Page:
East of Jerusalem’s Old City, separating it from the Judean Desert, sits the Mount of Olives.
The Mount of Olives is one of the most important sites in the space around Jerusalem that’s mentioned in the Scriptures.
Mount of Olives first appears when it is mentioned as the escape route King David took during his son Absalom’s rebellion. It’s referred to often in the New Testament because it is the route from Jerusalem to Bethany. It was Jesus’s favorite spot for teaching. It is in this spot that the Dominum Flevit church was built by the Franciscan order in 1954. This Byzantine church is shaped like a tear.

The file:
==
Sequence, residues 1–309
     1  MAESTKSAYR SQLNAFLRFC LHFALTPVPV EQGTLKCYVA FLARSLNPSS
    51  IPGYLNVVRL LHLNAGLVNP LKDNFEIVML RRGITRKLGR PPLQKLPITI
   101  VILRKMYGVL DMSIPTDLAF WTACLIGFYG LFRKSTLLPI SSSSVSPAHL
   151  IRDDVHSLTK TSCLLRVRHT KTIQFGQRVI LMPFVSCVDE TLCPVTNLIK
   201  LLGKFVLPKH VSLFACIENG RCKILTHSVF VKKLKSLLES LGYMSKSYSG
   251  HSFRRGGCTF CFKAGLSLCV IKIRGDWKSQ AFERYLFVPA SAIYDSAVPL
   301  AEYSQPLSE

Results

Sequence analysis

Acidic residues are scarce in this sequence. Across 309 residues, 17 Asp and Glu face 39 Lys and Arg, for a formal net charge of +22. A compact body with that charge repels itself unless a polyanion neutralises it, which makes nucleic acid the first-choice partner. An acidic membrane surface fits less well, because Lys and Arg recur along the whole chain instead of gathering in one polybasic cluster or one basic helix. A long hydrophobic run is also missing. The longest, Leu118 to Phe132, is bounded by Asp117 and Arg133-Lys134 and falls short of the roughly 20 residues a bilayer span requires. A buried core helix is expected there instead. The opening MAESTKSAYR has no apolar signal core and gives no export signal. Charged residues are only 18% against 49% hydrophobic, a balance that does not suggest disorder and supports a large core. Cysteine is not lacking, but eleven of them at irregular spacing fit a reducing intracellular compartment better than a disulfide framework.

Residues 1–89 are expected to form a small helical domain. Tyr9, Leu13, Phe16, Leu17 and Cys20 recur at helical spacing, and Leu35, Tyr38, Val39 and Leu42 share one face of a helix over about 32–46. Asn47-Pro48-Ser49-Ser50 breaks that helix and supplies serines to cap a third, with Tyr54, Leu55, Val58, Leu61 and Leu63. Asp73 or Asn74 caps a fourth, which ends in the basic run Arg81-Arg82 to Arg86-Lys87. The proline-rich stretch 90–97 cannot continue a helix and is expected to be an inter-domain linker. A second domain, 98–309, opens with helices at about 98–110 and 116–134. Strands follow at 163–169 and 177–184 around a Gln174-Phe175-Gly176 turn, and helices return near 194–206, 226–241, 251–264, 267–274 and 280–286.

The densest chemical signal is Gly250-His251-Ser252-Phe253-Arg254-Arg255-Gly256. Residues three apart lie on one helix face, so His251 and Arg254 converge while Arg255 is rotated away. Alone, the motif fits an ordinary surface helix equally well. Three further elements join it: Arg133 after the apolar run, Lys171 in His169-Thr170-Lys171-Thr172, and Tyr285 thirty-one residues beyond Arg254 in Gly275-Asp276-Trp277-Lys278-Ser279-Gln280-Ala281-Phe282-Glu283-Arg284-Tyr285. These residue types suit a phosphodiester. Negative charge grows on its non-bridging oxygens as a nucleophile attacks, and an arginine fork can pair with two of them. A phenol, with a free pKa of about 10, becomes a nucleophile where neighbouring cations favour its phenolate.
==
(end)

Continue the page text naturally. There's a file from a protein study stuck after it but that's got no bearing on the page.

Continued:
Across from the Church of All Nations, located at the foot of the mountain, is the Gardens of Gethsemane. Next to this are the churches adjacent to Mount Scopus, including the Basilica of the Sacred Heart and the convent of Pater Noster.
Garden Tomb – “Place of the Skull”
Garden Tomb sits among well maintained trees and gardens, providing a peaceful environment where visitors can pray and reflect. However, any claim that Christ was buried and rose from the dead here is not authentic.
The open tomb is carved into the face of the rock and features skull-like erosion in a limestone cliff nearby, which can be found down the alley off Nablus Road.
Protestant pilgrims especially love this spot and preferred it over the cluttered Church of the Holy Sepulchre, which could be found in the Old City. For some time, it was formally supported by the Anglican church.